A Community Devoted to the Preservation and Practice of Celestial Navigation and Other Methods of Traditional Wayfinding
From: Frank Reed
Date: 2015 Oct 21, 10:45 -0700
Bruce, you wrote:
"I have a question regarding resetting your clock when at a known location (or with a excellent fix , say from stars)."
Right away I would say there's a problem here. You say you have a known location or you have an excellent fix, maybe "from stars". These are very different things. When you're at a known location, you have some physical marker that identifies the place (hey look, it's the Empire State Building...) and you have a published list of latitudes and longitudes that includes that identifying point. When you have an excellent (celestial) fix, this can only be the case because you have an accurate chronometer or some other source of absolute time, in addition to the other elements of the toolkit of celestial navigation. It's very true that you can reset your clock from a known location, but you can't do it from an "excellent fix" since that's a circular line of reasoning.
"Background: In August, a couple of hours before sunset when the sun was about due west, I pretended I did not know my time. I recorded an ordinary set of sights....really no special pains taken. Knowing my location, by initially guessing a time ( I knew it was a couple of hours before sunset) I quickly calculated my actual time. I recollect it was in error by a minute or less. If I did it again the next day, I suspect I could eventually get to 15 or 20 seconds error. Did mariners in the 1800s do this? So much easier than lunars and it can be done with any celestial body. This is nothing but a bit more than a “time sight” with some tabular interpolation."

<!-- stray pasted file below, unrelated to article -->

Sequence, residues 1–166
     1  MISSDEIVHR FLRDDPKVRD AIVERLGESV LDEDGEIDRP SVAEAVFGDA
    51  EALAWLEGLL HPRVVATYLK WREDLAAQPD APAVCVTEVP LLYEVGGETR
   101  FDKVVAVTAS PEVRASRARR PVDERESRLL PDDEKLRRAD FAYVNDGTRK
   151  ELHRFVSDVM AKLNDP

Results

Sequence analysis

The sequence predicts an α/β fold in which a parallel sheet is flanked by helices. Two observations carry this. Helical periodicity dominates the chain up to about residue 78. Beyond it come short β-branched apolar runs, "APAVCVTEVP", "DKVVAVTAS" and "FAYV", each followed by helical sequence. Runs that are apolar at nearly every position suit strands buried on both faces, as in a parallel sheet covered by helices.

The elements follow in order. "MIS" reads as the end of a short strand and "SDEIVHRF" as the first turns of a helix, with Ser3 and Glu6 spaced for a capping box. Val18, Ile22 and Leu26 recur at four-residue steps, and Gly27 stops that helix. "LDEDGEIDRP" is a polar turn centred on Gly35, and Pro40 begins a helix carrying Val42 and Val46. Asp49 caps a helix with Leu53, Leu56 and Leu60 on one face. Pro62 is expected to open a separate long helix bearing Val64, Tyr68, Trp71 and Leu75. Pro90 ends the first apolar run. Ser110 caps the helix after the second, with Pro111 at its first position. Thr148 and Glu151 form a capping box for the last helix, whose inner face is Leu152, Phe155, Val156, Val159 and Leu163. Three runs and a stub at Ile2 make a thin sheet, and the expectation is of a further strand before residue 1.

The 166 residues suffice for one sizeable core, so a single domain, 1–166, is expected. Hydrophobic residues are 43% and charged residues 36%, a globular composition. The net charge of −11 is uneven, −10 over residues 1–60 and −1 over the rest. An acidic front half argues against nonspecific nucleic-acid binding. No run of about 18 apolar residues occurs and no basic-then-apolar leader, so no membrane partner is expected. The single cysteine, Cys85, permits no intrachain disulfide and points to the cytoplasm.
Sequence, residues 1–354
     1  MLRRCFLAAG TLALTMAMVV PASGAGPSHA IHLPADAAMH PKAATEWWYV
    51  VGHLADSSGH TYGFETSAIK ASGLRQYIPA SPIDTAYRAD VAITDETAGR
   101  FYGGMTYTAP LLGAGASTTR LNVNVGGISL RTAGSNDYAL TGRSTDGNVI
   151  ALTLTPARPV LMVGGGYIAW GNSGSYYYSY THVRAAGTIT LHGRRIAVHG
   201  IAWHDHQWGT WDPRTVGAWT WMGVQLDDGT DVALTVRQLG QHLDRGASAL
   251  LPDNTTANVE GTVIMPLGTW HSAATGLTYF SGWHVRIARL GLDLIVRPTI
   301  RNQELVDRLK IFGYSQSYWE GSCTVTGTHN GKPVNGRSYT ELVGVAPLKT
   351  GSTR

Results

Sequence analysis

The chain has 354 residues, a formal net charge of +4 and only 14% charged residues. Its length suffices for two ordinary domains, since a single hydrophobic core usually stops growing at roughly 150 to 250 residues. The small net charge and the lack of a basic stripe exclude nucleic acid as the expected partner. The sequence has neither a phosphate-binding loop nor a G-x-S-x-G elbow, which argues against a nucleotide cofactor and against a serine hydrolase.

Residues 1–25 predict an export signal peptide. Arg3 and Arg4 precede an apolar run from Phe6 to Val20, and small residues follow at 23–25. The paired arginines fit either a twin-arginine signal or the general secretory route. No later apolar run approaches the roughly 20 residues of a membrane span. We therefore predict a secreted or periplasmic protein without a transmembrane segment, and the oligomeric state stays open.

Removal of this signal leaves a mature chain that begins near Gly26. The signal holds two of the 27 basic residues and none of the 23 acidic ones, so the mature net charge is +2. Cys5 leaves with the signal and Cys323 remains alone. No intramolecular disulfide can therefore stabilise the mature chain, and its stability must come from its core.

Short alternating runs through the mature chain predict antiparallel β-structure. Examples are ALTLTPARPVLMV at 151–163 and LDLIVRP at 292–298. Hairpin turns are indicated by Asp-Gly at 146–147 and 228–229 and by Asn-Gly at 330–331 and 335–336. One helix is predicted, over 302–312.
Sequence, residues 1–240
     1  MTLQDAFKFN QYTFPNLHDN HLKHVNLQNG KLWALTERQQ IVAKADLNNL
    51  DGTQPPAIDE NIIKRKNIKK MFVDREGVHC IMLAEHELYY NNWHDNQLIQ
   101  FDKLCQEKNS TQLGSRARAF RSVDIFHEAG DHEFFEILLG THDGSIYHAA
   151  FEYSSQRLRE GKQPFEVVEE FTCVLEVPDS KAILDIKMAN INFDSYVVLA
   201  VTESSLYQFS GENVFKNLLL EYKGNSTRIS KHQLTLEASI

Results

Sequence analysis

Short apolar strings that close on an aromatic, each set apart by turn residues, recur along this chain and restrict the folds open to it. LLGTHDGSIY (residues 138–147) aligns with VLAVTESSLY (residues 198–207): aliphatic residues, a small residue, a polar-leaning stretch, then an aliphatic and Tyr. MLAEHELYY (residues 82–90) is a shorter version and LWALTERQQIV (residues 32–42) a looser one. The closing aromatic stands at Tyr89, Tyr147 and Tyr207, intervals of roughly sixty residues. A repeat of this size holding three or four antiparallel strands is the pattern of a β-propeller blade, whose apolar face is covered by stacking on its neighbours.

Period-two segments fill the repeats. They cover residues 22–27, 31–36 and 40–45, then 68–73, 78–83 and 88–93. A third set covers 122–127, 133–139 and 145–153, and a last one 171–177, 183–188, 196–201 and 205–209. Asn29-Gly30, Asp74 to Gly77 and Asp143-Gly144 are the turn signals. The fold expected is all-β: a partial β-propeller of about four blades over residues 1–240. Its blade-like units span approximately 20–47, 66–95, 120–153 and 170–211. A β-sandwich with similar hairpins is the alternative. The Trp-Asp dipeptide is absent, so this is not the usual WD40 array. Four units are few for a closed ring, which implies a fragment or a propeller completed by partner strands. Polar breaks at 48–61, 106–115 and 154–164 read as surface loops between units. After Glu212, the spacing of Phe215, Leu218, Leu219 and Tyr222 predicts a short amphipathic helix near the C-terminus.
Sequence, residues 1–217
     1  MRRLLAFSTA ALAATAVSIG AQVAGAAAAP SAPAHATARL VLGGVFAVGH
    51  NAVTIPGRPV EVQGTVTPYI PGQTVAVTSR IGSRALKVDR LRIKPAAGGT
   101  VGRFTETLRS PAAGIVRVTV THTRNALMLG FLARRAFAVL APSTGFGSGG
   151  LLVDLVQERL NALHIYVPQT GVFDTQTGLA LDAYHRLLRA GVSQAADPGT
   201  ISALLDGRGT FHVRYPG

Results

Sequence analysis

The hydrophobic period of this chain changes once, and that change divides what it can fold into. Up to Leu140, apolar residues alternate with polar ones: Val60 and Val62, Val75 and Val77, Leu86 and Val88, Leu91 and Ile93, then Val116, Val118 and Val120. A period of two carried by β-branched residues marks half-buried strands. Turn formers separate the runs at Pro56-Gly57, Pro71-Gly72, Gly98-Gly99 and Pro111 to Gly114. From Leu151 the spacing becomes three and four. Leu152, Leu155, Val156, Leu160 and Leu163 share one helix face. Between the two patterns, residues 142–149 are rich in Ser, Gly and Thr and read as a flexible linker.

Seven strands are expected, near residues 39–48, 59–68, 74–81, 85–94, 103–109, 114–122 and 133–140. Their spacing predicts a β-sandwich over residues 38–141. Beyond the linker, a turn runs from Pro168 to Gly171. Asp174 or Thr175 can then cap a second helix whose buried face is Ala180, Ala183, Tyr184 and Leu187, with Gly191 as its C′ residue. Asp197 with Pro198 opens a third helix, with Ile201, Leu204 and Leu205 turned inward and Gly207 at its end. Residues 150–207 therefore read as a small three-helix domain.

It's certainly easier than lunars... but only if you already know where you are!! What you're describing is not similar to a time sight. It is a time sight. When you do a time sight, you convert an altitude of the Sun into local apparent time (inputs are latitude, declination, and observed altitude). You then convert that to local mean time by applying the equation of time. And then you compare that time with GMT. The difference is your longitude in time units:
Longitude = GMT - LMT.
Finally you convert your longitude in time units to longitude in angular units using the usual rate of 15 degrees per hour (identical to four seconds per minute of longitude). Clearly if your GMT is uncertain in any way, you can take the equation for longitude and flip it around:
GMT = Longitude + LMT.
Historically, it was quite common to check a chronometer at a known location using a time sight. In a remote location, this could be done by the navigator from the deck of his own ship. But of course it depended on the ability to identify some specific point and find it in a list of tabulated longitudes. In any well-travelled harbor, it was normal to assign this work to some shore observer. Then that "time authority" could fire a cannon, or raise a flag, or drop a time ball at some agreed-upon time. This was frequently at 13:00 local mean time. Then with the known time offset for that harbor, you would immediately have GMT to compare against the ship's chronometer. But whether the work's done aboard ship or by some "astronomer" on shore, it's fundamentally a time sight. Of course, an observer on shore is not limited to the use of a marine sextant. The timing on land can be much more accurate and may involve a transit observation instead of an altitude. But no matter how it's done, this is an astronomical observation that produces "sundial time", fundamentally identical to a time sight. This observation cannot replace a "lunar" any more than it can replace a chronometer. We're getting local time from the observation, not absolute time.
Conanicut Island USA